Incidence of Sacral Osteomyelitis and Discitis After Minimally Invasive Sacrocolpopexy

April 23, 2021

Researchers from UPMC and the University of Pittsburgh aimed to determine the incidence of sacral osteomyelitis and discitis after minimally invasive sacrocolpopexy and any association those incidents had with method of sacral mesh fixation according to their study published in Female Pelvic Medicine and Reconstructive Surgery

This retrospective cohort study looked at consecutive minimally invasive sacrocolpopexies performed by 11 female pelvic medicine and reconstructive surgery board-certified surgeons from January 2009 to August 2019. Using data from the electronic health record (EHR), researchers identified 1,610 women who underwent laparoscopic and robot-assisted minimally invasive sacrocolpopexy, all with polypropylene mesh. Among these, there were no cases (0%) of osteomyelitis or discitis.

With an incidence of less than 0.1% cases, sacral osteomyelitis and discitis are rare early outcomes after minimally invasive sacrocolpopexy. Given an absence of cases in this study, researchers were unable to assess for an association between method of sacral attachment and sacral osteomyelitis and discitis.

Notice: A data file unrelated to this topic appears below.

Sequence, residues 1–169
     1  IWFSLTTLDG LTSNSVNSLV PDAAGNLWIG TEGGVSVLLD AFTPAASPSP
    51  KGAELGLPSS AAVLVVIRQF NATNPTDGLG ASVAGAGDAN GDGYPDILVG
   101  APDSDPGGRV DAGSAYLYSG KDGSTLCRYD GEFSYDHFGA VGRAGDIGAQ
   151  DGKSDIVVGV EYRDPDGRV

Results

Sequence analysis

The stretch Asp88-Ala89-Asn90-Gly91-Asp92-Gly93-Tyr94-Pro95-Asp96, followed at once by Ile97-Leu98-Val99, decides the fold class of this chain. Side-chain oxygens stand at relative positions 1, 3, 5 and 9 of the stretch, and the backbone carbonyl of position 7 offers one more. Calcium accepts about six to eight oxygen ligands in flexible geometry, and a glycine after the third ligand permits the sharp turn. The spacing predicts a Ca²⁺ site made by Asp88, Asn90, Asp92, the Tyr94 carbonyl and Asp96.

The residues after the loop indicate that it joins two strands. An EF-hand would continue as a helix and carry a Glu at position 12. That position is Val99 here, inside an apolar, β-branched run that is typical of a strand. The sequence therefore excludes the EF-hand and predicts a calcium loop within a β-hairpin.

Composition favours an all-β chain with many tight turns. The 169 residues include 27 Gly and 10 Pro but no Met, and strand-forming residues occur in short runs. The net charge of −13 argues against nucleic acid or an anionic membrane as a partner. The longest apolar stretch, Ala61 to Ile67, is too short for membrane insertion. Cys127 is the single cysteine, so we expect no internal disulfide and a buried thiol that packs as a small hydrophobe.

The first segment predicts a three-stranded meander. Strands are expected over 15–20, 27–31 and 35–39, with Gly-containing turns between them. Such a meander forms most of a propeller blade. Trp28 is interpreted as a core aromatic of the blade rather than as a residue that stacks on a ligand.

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UPMC and University of Pittsburgh Authors

Abby Stork, MD
Graduate Medical Resident, Department of Obstetrics, Gynecology and Reproductive Sciences, University of Pittsburgh School of Medicine

Lauren Giugale, MD
Assistant Professor, Department of Obstetrics, Gynecology & Reproductive Sciences

Megan Bradley, MD
Assistant Professor, Department of Obstetrics, Gynecology and Reproductive Sciences
Fellowship Director, Female Pelvic Medicine & Reconstructive Surgery, UPMC Medical Education Program

Halina M. Zyczynski, MD
Professor, Department of Obstetrics, Gynecology & Reproductive Sciences
Medical Director, Women's Center for Bladder & Pelvic Health